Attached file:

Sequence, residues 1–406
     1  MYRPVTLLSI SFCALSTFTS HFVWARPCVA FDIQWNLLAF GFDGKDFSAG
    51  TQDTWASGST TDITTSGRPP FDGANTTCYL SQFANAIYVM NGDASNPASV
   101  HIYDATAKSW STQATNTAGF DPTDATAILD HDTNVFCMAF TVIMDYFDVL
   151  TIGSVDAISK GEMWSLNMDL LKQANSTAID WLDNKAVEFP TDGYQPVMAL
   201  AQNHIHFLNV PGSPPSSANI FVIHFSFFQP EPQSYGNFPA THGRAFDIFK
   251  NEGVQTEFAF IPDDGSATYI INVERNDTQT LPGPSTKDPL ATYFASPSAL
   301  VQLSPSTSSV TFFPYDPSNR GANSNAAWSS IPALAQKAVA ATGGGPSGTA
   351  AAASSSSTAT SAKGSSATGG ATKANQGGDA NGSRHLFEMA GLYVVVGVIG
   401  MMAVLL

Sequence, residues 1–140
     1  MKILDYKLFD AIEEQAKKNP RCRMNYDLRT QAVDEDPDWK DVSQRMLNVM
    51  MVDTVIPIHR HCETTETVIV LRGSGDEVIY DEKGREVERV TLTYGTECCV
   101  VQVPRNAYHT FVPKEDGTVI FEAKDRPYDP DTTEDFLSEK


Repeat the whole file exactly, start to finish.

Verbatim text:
Sequence, residues 1–406
     1  MYRPVTLLSI SFCALSTFTS HFVWARPCVA FDIQWNLLAF GFDGKDFSAG
    51  TQDTWASGST TDITTSGRPP FDGANTTCYL SQFANAIYVM NGDASNPASV
   101  HIYDATAKSW STQATNTAGF DPTDATAILD HDTNVFCMAF TVIMDYFDVL
   151  TIGSVDAISK GEMWSLNMDL LKQANSTAID WLDNKAVEFP TDGYQPVMAL
   201  AQNHIHFLNV PGSPPSSANI FVIHFSFFQP EPQSYGNFPA THGRAFDIFK
   251  NEGVQTEFAF IPDDGSATYI INVERNDTQT LPGPSTKDPL ATYFASPSAL
   301  VQLSPSTSSV TFFPYDPSNR GANSNAAWSS IPALAQKAVA ATGGGPSGTA
   351  AAASSSSTAT SAKGSSATGG ATKANQGGDA NGSRHLFEMA GLYVVVGVIG
   401  MMAVLL

Sequence, residues 1–140
     1  MKILDYKLFD AIEEQAKKNP RCRMNYDLRT QAVDEDPDWK DVSQRMLNVM
    51  MVDTVIPIHR HCETTETVIV LRGSGDEVIY DEKGREVERV TLTYGTECCV
   101  VQVPRNAYHT FVPKEDGTVI FEAKDRPYDP DTTEDFLSEK